2010 Brunello di Montalcino, La Serena, Tuscany, Italy
Monica Larner - 28/02/2015
About this WINE
La Serena, Tuscany
Local lad Andrea Mantengoli has been farming Cantina La Serena since 1988. The farm is next door to Cerbaiona and Biondi Santi, on the eastern shoulder of Montalcino. The vines here are grown at 200-400 metres’ altitude. This covers a range of different soil strata: atypically white and yellow tufo; sand; schist; and galestro. Each gives depth and detail to the wine.
Andrea and his twin brother, Marcello, manage the estate. They are proudly organic, and they use some biodynamic methods. In addition to grapes and vines, the ecosystem here includes spelt, grain, olives and honeybees.
Brunello di Montalcino
Along with Chianti, Brunello di Montalcino is Tuscany's most famous DOCG and the region's boldest expression of Sangiovese. Located 30 miles south of Siena with the hilltop town of Montalcino as its epicentre, its 2,000 hectares of vines are naturally delimited by the Orcia, Asso and Ombrone valleys. Brunello is the local name for the Sangiovese Grosso clone from which Brunello di Montalcino should be made in purezza (ie 100 percent).
The Brunello di Montalcino DOCG has a whale-like shape: at its head, at 661 metres above sea level on ancient, stony galestro soils facing east and southeast lies the town of Montalcino, where the DOC was founded. As you follow the spine south towards the tail, the vineyards lose altitude – those around Colle Sant'Angelo are at 250 metres – while the soils become richer with iron and clay. Further east, in the shadow of the 1,734 metre Mont'Amiata lies the village of Castelnuovo dell'Abate where the vineyards are strewn with a rich mix of galestro, granitic, volcanic, clay and schist soil types.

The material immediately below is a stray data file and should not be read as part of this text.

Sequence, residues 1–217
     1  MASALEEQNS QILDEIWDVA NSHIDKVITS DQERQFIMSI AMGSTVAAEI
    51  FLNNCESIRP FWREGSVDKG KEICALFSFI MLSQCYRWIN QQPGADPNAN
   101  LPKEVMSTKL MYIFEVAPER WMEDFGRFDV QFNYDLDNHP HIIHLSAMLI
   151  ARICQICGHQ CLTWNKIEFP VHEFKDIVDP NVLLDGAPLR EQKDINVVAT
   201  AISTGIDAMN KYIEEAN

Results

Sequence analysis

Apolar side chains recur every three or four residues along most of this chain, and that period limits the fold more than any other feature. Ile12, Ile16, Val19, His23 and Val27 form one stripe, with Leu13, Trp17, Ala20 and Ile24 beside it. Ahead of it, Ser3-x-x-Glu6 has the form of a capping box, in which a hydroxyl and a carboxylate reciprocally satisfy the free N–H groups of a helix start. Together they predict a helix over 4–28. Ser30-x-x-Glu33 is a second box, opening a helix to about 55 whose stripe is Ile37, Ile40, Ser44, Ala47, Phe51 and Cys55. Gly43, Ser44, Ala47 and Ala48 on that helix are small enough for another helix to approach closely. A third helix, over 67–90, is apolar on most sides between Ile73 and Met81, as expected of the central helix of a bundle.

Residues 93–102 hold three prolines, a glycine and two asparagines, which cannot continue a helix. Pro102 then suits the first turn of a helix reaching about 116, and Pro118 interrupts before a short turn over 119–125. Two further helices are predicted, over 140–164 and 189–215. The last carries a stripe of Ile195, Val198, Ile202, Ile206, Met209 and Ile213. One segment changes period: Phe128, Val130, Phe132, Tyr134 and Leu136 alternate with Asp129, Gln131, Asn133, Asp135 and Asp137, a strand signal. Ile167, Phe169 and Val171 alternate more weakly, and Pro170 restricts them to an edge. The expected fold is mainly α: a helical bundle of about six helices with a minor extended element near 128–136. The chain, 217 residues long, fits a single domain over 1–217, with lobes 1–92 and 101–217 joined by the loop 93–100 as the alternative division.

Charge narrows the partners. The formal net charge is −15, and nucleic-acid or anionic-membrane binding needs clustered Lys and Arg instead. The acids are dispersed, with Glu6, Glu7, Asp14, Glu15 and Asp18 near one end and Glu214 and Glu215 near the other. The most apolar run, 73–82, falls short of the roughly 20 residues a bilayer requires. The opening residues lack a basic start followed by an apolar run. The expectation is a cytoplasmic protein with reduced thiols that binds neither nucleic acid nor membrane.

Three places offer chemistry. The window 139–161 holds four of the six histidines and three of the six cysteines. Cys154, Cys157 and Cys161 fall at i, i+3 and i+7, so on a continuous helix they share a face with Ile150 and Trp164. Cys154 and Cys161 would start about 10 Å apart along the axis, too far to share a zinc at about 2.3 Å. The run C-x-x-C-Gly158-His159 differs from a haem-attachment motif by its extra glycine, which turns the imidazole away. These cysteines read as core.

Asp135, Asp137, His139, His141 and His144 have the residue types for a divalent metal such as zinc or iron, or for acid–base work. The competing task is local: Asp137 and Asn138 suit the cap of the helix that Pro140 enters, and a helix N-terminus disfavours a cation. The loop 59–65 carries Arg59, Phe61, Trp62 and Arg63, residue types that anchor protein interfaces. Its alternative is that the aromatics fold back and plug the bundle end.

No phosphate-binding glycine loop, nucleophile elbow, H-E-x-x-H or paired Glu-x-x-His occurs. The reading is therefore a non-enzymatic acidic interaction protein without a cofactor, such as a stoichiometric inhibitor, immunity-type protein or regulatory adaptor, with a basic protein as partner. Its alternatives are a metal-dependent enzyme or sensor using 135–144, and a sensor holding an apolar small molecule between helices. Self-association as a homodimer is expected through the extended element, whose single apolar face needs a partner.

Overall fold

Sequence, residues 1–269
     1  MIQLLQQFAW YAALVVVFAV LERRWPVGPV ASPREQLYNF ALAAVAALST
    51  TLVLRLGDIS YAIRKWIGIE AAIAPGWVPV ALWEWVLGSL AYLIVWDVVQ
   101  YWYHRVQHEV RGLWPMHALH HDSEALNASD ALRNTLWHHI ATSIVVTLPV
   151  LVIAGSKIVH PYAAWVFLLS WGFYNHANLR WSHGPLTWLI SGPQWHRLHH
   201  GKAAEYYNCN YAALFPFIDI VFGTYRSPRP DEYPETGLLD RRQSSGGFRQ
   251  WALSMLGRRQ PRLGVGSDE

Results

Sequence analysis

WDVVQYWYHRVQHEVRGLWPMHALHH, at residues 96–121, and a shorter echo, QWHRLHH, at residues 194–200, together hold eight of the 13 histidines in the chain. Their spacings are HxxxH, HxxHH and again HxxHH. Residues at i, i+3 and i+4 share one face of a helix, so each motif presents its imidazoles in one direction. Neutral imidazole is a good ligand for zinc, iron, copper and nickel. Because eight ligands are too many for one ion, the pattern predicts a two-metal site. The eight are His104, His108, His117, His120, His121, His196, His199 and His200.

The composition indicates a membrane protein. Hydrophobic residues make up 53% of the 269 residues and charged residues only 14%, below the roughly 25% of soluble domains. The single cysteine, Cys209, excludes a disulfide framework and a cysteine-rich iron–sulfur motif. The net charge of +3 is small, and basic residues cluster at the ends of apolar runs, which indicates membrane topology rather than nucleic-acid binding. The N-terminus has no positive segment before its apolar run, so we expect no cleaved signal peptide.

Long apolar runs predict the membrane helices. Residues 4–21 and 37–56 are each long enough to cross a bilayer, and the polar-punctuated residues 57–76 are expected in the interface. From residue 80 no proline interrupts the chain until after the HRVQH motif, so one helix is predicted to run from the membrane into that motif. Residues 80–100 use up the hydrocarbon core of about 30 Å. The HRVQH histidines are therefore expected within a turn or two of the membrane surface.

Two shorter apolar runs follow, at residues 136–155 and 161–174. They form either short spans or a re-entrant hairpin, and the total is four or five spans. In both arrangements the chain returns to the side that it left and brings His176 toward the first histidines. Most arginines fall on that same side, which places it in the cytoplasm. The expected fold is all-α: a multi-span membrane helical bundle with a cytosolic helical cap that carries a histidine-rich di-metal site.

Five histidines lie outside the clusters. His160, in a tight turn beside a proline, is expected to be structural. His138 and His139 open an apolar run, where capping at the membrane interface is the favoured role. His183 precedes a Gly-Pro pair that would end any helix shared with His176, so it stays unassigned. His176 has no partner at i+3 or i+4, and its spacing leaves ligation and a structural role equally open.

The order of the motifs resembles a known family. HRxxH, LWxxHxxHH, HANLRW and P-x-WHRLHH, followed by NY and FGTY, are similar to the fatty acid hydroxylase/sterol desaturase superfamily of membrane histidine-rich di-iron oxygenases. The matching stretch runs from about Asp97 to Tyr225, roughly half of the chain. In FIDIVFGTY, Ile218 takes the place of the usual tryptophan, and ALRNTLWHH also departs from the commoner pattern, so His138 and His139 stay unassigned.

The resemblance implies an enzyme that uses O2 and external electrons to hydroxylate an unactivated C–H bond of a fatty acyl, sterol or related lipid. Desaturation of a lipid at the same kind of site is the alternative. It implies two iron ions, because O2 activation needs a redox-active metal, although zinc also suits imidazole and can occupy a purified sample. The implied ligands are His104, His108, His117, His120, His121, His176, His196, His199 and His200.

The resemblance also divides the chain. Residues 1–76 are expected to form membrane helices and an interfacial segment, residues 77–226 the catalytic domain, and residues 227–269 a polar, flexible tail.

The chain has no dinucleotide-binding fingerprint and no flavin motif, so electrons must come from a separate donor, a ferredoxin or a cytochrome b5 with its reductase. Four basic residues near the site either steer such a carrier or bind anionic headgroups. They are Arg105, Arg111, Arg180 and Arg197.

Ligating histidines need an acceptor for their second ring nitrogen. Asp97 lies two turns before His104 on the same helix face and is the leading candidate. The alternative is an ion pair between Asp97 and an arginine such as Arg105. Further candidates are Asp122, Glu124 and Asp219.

Historically, the zone is one of Tuscany's youngest. First praised in 1550 by Leandro Alberti for the quality of its wines, it was Tenuta Il Greppo who bottled the inaugural Brunello di Montalcino in 1888. By 1929, the region had 925 hectares of vines and 1,243 hectares of mixed crops, while in 1932 it was decreed that only those wines made and bottled within the commune could be labelled as Brunello di Montalcino. Since then, the number of producers has risen from 11 in 1960 to 230 in 2006, while over the same period the vineyards have expanded from 1,000 hectares to 12,000. The region earned its DOC in 1966, and was upgraded to DOCG in 1980.
Brunello di Montalcino cannot be released for sale until five years after the harvest, or six years in the case of Brunello di Montalcino Riserva. During this time the wines should be aged for at least two years in oak, followed by at least four months in bottle (six months for Riservas); maximum yields are 55 hl/ha.
Rosso di Montalcino is declassified Brunello di Montalcino, released for sale 18 months after the harvest.
Recommended producers: Costanti, Fuligni, Lisini, San Giuseppe, Soldera, Cerbaiona
A black grape widely grown in Central Italy and the main component of Chianti and Vino Nobile di Montepulciano as well as being the sole permitted grape for the famed Brunello di Montalcino.
It is a high yielding, late ripening grape that performs best on well-drained calcareous soils on south-facing hillsides. For years it was blighted by poor clonal selection and massive overcropping - however since the 1980s the quality of Sangiovese-based wines has rocketed upwards and they are now some of the most sought after in the world.
It produces wines with pronounced tannins and acidity, though not always with great depth of colour, and its character can vary from farmyard/leather nuances through to essence of red cherries and plums. In the 1960s the advent of Super Tuscans saw bottlings of 100% Sangiovese wines, as well as the introduction of Sangiovese/Cabernet Sauvignon blends, the most famous being Tignanello.
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First tasted in February 2013, before bottling, this Brunello di Montalcino was notable for its completeness, its complexity of loganberry, black pepper, black truffle; very sapid, crunchy, ‘carnoso’ (meaty), with great balance. Last summer, the wine showed more tamarind and tobacco. And in Jan 2015, from bottle (since August 2014), it seemed an incredible ‘force of nature’, with spicy incense, tar, quinine and liquorice notes.
Enjoying a relative short maceration of 12 days, it’s fleshy, generous, ‘sucoso’ (juicy) yet structured too. Much more Nebbiolino than the sunny, grasso 2009.
David Berry Green
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